Jong-un to ce­ment supreme sta­tus

Lesotho Times - - International -

PYONGYANG — Af­ter four years of top-level reshuf­fles, purges and executions, Kim Jong-un will for­mally ce­ment his unas­sail­able sta­tus as North Korea’s supreme leader at a land­mark rul­ing party congress tomorrow.

The first gath­er­ing of its kind for nearly 40 years is re­ally a coro­na­tion of sorts — recog­nis­ing the young 33-year-old leader as the le­git­i­mate in­her­i­tor of the dy­nas­tic dic­ta­tor­ship started by his grand­fa­ther Kim Il-sung and passed down through his late fa­ther Kim Jong-il.

“This congress means every­thing for Kim Jong-un,” said John Delury, a North Korea ex­pert at Yon­sei Univer­sity in Seoul.

“It is the most pub­lic, his­toric set­ting in which he can demon­strate that he is fully in charge, and that ev­ery­one fol­lows his or­ders,” Delury said.

“Nom­i­nally, it’s for the party, but re­ally this congress is for Kim,” he added.

Kim wasn’t even born when the last congress was held in 1980 to crown his fa­ther as the heir ap­par­ent to found­ing leader Kim IlSung.

When his own turn came, fol­low­ing the death of Kim Jong-il in De­cem­ber 2011, there were nu­mer­ous doubters who sug­gested the Swiss fin­ish­ing school grad­u­ate lacked the sur­vival skills needed for the Machi­avel­lian world of North Korean power pol­i­tics.

But he proved them wrong, purg­ing the party, gov­ern­ment and pow­er­ful mil­i­tary of those seen as dis­loyal, and dis­play­ing a ruth­less streak that no­tably led to the ex­e­cu­tion of his pow­er­ful un­cle, and one-time po­lit­i­cal men­tor, Jang Song-thaek.

He also ad­justed his fa­ther’s “songun”, or mil­i­tary first pol­icy, to a “byungjin” pol­icy of pur­su­ing nu­clear weapons in tan­dem with eco­nomic de­vel­op­ment.

The nu­clear half of that strat- egy has dom­i­nated the run-up to the party congress, start­ing with a fourth nu­clear test in Jan­uary that was fol­lowed by a long-range rocket launch and a flurry of other mis­sile and weapons tests.

“The ob­jec­tive of all that was clear from the start,” said Vic­tor Cha, Korea Chair at the Cen­tre for Strate­gic and In­ter­na­tional Stud­ies (CSIS).

“It was a race to have a cred­i­ble nu­clear deterrent in place, as a crown­ing achieve­ment, be­fore the congress opens,” Cha said.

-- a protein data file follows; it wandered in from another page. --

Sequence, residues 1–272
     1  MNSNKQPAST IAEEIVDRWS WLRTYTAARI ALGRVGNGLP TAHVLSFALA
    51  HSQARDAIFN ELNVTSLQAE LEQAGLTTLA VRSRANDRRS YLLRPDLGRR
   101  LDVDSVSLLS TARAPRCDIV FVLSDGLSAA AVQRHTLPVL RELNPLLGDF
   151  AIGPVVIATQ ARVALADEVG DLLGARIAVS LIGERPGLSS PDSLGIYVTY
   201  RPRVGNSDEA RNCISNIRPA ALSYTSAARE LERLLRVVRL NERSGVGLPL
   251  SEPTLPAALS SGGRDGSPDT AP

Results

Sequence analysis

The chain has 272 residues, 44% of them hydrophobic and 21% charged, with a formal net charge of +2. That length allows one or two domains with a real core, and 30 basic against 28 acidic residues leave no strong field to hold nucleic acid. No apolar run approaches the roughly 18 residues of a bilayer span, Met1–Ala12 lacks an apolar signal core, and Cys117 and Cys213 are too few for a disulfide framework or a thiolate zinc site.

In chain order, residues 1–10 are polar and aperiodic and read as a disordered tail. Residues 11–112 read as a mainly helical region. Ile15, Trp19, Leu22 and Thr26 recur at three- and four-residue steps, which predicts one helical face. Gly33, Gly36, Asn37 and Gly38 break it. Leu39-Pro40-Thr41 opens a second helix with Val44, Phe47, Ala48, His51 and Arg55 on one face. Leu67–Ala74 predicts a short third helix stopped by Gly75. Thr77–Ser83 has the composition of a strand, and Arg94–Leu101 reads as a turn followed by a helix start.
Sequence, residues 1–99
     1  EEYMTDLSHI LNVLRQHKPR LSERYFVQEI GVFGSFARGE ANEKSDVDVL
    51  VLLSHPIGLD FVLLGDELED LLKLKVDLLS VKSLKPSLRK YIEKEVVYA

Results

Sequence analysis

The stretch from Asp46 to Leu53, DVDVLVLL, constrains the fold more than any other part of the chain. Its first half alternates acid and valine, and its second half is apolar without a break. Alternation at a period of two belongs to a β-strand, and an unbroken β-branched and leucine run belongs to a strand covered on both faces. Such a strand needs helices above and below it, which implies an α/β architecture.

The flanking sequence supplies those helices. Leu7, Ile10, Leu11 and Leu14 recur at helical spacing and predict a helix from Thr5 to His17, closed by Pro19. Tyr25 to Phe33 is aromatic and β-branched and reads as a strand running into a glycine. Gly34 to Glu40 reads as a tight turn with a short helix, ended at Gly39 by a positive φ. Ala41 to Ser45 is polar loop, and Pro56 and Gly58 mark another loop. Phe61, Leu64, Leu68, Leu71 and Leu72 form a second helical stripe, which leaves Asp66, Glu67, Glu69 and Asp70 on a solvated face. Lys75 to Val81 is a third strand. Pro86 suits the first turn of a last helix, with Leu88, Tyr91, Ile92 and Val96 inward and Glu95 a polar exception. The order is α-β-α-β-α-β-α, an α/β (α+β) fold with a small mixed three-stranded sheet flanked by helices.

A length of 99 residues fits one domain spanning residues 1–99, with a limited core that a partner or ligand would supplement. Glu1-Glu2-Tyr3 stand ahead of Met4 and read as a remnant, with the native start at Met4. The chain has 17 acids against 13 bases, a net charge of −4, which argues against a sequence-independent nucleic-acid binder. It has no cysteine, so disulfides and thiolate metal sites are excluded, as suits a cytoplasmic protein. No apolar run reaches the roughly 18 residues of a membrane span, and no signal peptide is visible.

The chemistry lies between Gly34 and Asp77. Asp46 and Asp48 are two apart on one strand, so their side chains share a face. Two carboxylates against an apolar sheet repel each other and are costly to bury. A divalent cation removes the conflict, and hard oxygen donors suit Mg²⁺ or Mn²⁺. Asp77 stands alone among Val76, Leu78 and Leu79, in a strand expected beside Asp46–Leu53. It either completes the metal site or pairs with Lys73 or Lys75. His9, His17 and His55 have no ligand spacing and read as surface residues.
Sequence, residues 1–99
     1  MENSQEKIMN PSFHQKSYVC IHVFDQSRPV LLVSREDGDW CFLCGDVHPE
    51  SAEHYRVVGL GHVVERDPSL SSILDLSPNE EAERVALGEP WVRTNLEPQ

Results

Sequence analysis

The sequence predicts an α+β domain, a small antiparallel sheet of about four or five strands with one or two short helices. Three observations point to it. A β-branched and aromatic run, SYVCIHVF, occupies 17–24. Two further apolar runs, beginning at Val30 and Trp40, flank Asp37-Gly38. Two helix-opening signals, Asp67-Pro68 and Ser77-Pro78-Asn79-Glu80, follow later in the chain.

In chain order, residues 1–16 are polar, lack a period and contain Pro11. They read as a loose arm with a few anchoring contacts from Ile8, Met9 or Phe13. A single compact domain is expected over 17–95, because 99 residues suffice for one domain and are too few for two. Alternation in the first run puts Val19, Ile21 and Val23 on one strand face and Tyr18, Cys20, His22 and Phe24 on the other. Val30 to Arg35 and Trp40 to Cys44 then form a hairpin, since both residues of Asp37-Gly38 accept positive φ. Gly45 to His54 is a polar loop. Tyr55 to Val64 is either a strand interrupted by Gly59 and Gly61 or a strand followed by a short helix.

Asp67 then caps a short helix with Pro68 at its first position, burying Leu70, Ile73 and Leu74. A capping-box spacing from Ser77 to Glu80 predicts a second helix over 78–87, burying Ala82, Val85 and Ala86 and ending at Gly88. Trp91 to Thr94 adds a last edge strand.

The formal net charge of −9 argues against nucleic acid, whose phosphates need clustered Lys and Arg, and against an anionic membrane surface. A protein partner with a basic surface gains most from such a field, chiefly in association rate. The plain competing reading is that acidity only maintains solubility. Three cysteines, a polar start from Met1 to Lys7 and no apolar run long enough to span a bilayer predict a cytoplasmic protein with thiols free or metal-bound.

But there was an em­bar­rass­ing stum­ble in the home straight, with the fail­ure in re­cent weeks of three sep­a­rate ef­forts to test fire a pow­er­ful, new mid-range bal­lis­tic mis­sile ca­pa­ble of strik­ing US bases on the Pa­cific is­land of Guam.

One fi­nal act might still play out be­fore the party gath­er­ing be­gins on May 6, with many pre­dict­ing a fifth nu­clear test to un­der­line the North’s sta­tus as a gen­uine nu­clear power.

Then, once the congress gets un­der­way, comes the ques­tion of what, be­yond Kim’s lead­er­ship qual­i­ties, the gath­er­ing will seek to spot­light.

The op­ti­mist’s sce­nario is that, with a con­firmed nu­clear deterrent in the bag, Kim will an­nounce that the North’s se­cu­rity is en­sured and the fo­cus can now switch to the other half of his “byungjin” strat­egy - eco­nomic de­vel­op­ment.

“The key is not whether such a strong North Korean deterrent force is a re­al­ity, not even whether Kim be­lieves it, but whether he will set out this po­si­tion as the philo­soph­i­cal ba­sis for a new di­rec­tion in pol­icy,” said Robert Car­lin, a vis­it­ing scholar at the Cen­tre for In­ter­na­tional Se­cu­rity and Co­op­er­a­tion in Cal­i­for­nia.

In his very first pub­lic ad­dress, at a mil­i­tary pa­rade in April 2012, Kim had said he was deter­mined that North Kore­ans would “never have to tighten their belts again”.

The need to raise liv­ing stan­dards has been a con­stant re­frain of his an­nual New Year ad­dresses, although an­a­lysts note that they have been largely de­void of any spe­cific pol­icy ini­tia­tives.

So while the party congress does provide the plat­form for a gen­uine pol­icy shift, it can just as eas­ily be­come a stage for tired, self-con­grat­u­la­tory rhetoric that of­fers lit­tle in the way of change.

What­ever the tone, the con­tent of the speeches, es­pe­cially Kim’s key­note ad­dress, will be closely scru­ti­nised as will any per­son­nel changes, with an­a­lysts look­ing for a younger crop of of­fi­cials to take over lead­er­ship po­si­tions.

The North’s chief diplo­matic ally, China, which has be­come in­creas­ingly frus­trated with Pyongyang’s re­fusal to re­strain its nu­clear am­bi­tions, will be among the clos­est ob­servers.

“Any North Korean rhetor­i­cal em­pha­sis on liv­ing stan­dards and peace­ful de­vel­op­ment over nu­clear chest-thump­ing and threats... will be in­ter­preted by Chi­nese state me­dia as ev­i­dence that things are mod­er­at­ing,” said Adam Cath­cart, a Univer­sity of Leeds spe­cial­ist on China-north Korea ties.

“There may also be more will­ing­ness to work with newly-pro­moted of­fi­cials who are some­what younger and pre­sum­ably more prag­matic,” Cath­cart said. — AFP

Kim Jong-un.

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